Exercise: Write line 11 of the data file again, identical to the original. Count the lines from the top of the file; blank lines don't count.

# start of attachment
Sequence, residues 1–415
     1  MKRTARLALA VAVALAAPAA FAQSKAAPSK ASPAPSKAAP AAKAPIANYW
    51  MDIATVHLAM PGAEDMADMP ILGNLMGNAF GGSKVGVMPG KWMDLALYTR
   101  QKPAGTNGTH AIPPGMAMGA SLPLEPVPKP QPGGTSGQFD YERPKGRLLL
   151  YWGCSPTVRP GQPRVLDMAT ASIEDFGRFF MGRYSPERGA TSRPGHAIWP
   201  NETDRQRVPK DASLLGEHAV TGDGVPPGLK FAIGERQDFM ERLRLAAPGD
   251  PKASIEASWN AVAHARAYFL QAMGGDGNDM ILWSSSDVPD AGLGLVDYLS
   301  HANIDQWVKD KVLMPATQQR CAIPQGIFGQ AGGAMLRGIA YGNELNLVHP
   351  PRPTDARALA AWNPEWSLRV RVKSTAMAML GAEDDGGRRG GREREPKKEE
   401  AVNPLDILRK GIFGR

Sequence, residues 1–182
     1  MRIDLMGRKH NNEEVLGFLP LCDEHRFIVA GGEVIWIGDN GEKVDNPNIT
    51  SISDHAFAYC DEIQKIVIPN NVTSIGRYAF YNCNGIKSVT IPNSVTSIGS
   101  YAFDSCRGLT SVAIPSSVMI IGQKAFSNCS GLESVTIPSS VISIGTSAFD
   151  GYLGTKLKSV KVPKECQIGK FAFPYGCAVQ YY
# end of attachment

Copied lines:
Sequence, residues 1–182